I would ask your Lordships to visualize the situation I have just described also in connexion with the criticisms that U.N.R.R.A. is not functioning. When the Allied Armies liberate a country they immediately bring food to the starving people and they are bringing food at the present moment to the people of Holland and Belgium, and if in any part of France it was necessary they would be bringing food there too. They have done the same in Italy. That is a necessary function of the liberating Armies. U.N.R.R.A. only comes in after the Armies have passed on. The idea that there is a necessary gap of six months is an entirely mistaken one. I cannot think where any noble Lord got the idea about six months. U.N.R.R.A. can follow the Army instantaneously if it is invited to do so by the military authorities and by the Government of the country. That is exactly what has happened in Greece. In Greece you have U.N.R.R.A. functioning to-day because it has been invited by General Scobie and by the Greek Government, and U.N.R.R.A. is functioning in Greece as the agent of the military. As the right reverend Prelate has pointed out, the label of the machine is a secondary matter.


Will the noble Earl say whether Greece is the only country which has invited U.N.R.R.A. to function?


I think so except in the case of Italy, which I will deal with in a few moments. Neither Belgium nor France has asked for it and I think the reason is that the Governments of those countries feel they can handle the problem quite adequately themselves. That is a perfectly right position. They have a certain amount of food in their own countries, they are in command of all the available resources, they know what the deficiencies are and they can make direct application to the Combined Boards. When you get a Government like the French Government or the Belgian Government which is in every way as well organized as the Government of any other country, there is probably no reason why they should not make a direct application to the Combined Boards for any materials that have to be imported rather than avail themselves of the machinery of U.N.R.R.A.

I think we are all agreed as to the seriousness of the position which now exists in Greece, Belgium, Holland and Poland. The deterioration in the position is clue primarily to the ravages of war and the destruction of communications. Some noble Lords have talked about bottle-necks and cutting red tape and the like. The real bottle-neck is transport. If the ships, the railway trains, the railway bridges, the harbours could be made available immediately, then food would flow immediately. The real problems arise in connexion with transport. I am thankful to say there are comparatively few world shortages of food. No doubt there are some. There is a world shortage of milk, there is a world shortage in boot leather and there are one or two other commodities in which there is unfortunately a world shortage, but I am thankful to say there are ample supplies of wheat and other cereals and if only the transport problems can be overcome there is no reason why any portion of the world should starve. I mentioned that in Greece U.N.R.R.A. was already functioning on behalf of the military and the noble Earl, Lord Huntingdon, asked me whether the lamentable occurrences of the last few days had resulted in relief being stopped. I am thankful to say that is not the case. The merciful work has gone on, in some cases under the hail of bullets. The food has been disembarked at the ports and is being taken to the population. The fighting and rioting has no doubt hindered the supply of food but the food supply has gone on, and will go on, as far as can be managed.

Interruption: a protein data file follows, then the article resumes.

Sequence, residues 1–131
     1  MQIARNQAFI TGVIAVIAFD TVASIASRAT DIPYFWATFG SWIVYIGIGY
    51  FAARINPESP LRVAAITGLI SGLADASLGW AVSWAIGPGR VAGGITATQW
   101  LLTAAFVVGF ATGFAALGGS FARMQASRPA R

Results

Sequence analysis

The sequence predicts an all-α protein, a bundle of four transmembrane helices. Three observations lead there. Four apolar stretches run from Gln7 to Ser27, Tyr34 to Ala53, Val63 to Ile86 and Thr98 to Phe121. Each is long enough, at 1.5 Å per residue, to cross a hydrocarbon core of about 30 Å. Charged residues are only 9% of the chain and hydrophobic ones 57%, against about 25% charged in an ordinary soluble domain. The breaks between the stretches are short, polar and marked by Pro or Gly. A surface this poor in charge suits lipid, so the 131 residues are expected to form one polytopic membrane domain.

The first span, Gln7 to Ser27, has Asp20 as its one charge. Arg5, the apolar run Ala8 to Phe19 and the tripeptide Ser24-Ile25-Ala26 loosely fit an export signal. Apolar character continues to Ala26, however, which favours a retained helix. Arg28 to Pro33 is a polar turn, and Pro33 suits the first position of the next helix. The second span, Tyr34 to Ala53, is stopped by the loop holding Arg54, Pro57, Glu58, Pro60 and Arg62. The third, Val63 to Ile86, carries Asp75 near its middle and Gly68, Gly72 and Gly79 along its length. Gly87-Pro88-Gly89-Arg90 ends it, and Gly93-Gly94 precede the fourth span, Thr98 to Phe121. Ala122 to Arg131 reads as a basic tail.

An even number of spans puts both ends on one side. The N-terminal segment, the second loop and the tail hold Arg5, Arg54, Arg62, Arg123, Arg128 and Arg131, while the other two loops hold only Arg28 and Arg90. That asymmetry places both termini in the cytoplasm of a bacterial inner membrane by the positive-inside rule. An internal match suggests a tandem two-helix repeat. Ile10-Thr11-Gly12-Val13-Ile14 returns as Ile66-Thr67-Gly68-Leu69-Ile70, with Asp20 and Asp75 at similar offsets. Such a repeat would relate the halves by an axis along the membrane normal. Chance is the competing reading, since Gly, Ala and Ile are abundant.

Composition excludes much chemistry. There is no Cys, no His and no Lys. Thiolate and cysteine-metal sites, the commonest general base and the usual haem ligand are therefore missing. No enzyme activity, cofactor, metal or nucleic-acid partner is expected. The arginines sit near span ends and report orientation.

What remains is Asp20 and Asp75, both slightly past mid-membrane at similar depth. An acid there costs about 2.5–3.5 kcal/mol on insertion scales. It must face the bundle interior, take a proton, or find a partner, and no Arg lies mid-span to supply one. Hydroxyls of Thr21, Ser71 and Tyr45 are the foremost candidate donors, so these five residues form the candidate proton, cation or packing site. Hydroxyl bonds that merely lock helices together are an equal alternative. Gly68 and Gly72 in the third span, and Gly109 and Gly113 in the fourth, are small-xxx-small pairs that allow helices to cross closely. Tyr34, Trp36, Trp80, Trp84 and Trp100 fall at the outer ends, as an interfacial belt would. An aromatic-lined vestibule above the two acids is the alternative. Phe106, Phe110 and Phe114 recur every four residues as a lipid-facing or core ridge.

Other steps noble Lords might care to know about are that refugee camps are being established in all liberated territories and all preparations are being made for work in Eastern Europe, in Poland, and in Czechoslovakia. I think it was the noble Earl who asked whether there had been any hitch in regard to a mission from U.N.R.R.A. going to Moscow. My information is that there has been no hitch. The mission has been arranged but the date has not actually been fixed. Some of your Lordships have alluded to the great problem of displaced persons. That is one of the most complicated and difficult international problems. This terrible problem has been caused by the ruthless methods of our enemy. It has produced a state of affairs which takes us back to the days of Sennacherib. U.N.R.R.A. is a very suitable body to deal with an international problem of this nature. The Montreal Conference, as noble Lords probably know, extended the authority of U.N.R.R.A. in this respect and decided that U.N.R.R.A. should look after displaced United Nations' nationals such as French deportees in Germany and also persons displaced because of race, religion or political activities, as for instance German Jews found in any part of Europe. This is indeed a terrible problem. Some 14,000,000 people have got to be taken back to their proper homes, but as the noble Earl pointed out the problem .does not end when they have returned to their homes. Means to enable them to earn a livelihood must be as far as possible provided. Let us make no mistake. The economic problems that are going to confront Europe during the next few years will be as grave as anything ever known in history. It is only by collaboration and the co-operation of all nations that we can hope to solve them.